This was difficult to write, and may be difficult to read. Before we get started, I would like to offer a trigger warning to anyone experiencing addiction/depression/self-harm/suicidal thoughts or anything of the like. For those of you that might be confused about your sexual identity, I want to hear from you. If you don’t have anyone to talk to, let me be that person.
You have all heard the reassuring cliché:
“It’s always darkest before the dawn.”
Aside from it sounding like a pop-hook written by Legolas, what a load of shit huh? This is just what people say when they don’t know what to say anymore, right? They don’t know how to comfort you, so they gag you with this hallmark nonsense.
If you are related to me, you should stop reading this post right here. Seriously…I am telling you to skip this one. It will be weird.
My sex life has never been about me. It has always been about making sure the guy is enjoying himself. On one hand, it genuinely turns me on to see his eyes roll back and steam shoot out of his ears. On the heavier hand, it feels like I’ve given up my own pleasure for the sake of this other individual.
Circumstances as a child made me agreeable to a clinical degree. Circumstances that I am not yet ready to publish publicly, but I will, I make a promise to you and to myself. Language is my single greatest inspiration and frustration. I can get lost in the playful syntax of Walt Whitman or Maya Angelou, but I feel another sense of loss when trying to form the words describing emotion and experience because so many of these sensations are best described between words, or are omitted from language completely.
Regardless from the causation of my agreeability, I’d like to discuss its breaking point.
A few days ago I met a former Buddhist monk. He introduced himself as Tom. When we first met there was no handshake upon introduction, no formal greeting like the Cambodian Sampeah (a gesture common in most southeast Asian cultures (although called many different things) where each individual greets the other with palms together to show respect). Nothing like that, all he did was a motion to the seat across from him, and yet it still felt more genuine than the hundred “how are you?” I would hear daily in the states.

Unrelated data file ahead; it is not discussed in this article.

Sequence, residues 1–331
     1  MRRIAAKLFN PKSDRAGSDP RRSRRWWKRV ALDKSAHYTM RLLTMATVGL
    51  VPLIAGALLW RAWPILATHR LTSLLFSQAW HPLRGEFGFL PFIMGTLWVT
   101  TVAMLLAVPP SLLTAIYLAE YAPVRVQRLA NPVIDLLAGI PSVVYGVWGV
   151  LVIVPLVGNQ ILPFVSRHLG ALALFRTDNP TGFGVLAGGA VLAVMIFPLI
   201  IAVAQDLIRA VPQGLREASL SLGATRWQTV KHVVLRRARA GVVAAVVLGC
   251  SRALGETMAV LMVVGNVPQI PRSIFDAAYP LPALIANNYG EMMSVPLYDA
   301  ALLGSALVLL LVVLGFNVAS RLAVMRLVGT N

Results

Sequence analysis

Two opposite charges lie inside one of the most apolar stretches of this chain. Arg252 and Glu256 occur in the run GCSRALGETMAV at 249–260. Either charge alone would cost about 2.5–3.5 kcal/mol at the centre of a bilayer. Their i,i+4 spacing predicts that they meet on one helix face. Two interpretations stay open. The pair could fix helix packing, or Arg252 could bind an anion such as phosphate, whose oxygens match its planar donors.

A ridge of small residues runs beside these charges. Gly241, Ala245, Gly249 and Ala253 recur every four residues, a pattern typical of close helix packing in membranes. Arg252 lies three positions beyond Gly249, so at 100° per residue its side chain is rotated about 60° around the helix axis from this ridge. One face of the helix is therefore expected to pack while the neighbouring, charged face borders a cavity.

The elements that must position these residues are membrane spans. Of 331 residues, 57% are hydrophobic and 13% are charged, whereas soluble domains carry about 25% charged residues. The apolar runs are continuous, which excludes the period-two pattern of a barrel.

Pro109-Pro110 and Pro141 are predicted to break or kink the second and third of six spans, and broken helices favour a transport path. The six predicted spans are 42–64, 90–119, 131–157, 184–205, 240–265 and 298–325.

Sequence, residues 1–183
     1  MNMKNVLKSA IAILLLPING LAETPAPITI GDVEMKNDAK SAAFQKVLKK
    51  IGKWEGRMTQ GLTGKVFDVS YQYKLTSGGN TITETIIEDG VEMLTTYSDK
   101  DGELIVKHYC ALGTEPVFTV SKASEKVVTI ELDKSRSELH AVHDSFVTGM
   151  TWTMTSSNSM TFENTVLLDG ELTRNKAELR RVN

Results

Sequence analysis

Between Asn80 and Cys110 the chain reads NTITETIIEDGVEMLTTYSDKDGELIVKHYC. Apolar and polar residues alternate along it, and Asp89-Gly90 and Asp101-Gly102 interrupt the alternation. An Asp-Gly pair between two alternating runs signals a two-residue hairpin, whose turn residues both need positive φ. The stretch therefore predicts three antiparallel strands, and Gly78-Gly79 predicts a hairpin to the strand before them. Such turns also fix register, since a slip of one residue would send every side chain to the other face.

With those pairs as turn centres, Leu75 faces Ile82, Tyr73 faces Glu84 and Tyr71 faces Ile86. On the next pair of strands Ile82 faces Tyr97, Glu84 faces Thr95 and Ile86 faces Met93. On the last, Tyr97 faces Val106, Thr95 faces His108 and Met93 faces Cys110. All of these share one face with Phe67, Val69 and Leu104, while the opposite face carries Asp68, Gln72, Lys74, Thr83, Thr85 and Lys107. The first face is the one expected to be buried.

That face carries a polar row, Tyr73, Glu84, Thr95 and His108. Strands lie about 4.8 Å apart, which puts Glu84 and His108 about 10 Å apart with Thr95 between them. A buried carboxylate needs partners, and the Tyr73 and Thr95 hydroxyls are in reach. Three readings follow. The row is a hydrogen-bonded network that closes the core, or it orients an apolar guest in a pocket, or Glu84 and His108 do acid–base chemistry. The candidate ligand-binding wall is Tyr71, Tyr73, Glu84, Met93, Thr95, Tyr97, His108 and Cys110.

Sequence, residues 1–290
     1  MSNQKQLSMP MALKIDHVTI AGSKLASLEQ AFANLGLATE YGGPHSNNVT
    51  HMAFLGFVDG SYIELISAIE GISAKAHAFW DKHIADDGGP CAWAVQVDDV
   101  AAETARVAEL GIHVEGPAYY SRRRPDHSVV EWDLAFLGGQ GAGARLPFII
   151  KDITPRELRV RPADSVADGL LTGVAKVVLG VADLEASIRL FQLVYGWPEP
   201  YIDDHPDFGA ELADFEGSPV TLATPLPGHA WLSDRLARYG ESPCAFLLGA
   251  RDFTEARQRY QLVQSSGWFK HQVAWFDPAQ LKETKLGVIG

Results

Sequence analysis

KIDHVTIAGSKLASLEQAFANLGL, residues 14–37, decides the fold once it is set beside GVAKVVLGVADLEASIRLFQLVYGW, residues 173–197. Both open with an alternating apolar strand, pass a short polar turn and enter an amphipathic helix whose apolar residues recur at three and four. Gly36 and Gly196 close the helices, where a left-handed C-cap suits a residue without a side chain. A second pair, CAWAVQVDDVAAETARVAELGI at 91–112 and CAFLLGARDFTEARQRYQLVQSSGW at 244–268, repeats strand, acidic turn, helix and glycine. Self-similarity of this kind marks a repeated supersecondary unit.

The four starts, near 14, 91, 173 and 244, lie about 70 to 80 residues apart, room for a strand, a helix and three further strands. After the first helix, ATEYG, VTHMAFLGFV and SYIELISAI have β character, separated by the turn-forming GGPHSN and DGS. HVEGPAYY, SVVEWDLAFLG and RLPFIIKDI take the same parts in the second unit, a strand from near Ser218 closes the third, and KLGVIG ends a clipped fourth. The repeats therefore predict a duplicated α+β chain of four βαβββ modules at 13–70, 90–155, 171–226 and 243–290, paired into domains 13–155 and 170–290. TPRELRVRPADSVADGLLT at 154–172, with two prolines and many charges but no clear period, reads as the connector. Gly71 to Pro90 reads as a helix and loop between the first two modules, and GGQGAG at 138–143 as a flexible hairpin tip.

Tom has studied meditation for the past forty years, and while I’m no stranger to meditation, the things I learned in the two hours of us sitting together has changed the way I look at the mind and intuition. Everything in this blog post I either learned from Tom or were reinforced by him. In the entirety of the two hours, we spent only twenty minutes of it actually meditating, the rest of the time Tom used to explain to me the benefits of meditation and how to do it correctly.
Let’s talk about drugs. First and foremost:
- I AM NOT A DOCTOR NOR DO I CLAIM TO BE A MEDICAL PROFESSIONAL.
- EVERYONE IS DIFFERENT WHAT DID NOT WORK FOR ME MAY WORK PERFECTLY FOR YOU AND VICE VERSA.
- MEDICATIONS TAKE PATIENCE, DO YOU REALIZE HOW RARE IT IS FOR SOMEONE TO HAVE A MENTAL ILLNESS, BE PRESCRIBED ONE MEDICATION, AND HAVE IT WORK PERFECTLY?!
- THERE IS NO MAGIC CURE FOR MENTAL ILLNESS, IT’S A FUCKING BITCH AND TAKES A LOT OF WORK. SO BE PATIENT AND LOVE YOURSELF.
This post is split into two parts. The first is my own opinion on the matter of cultural appropriation versus appreciation, and the second is my experience with my Yantra tattoo. If you just want to read how painful the tattoo was, feel free to skip ahead to the section marked The Story of My Sak Yant.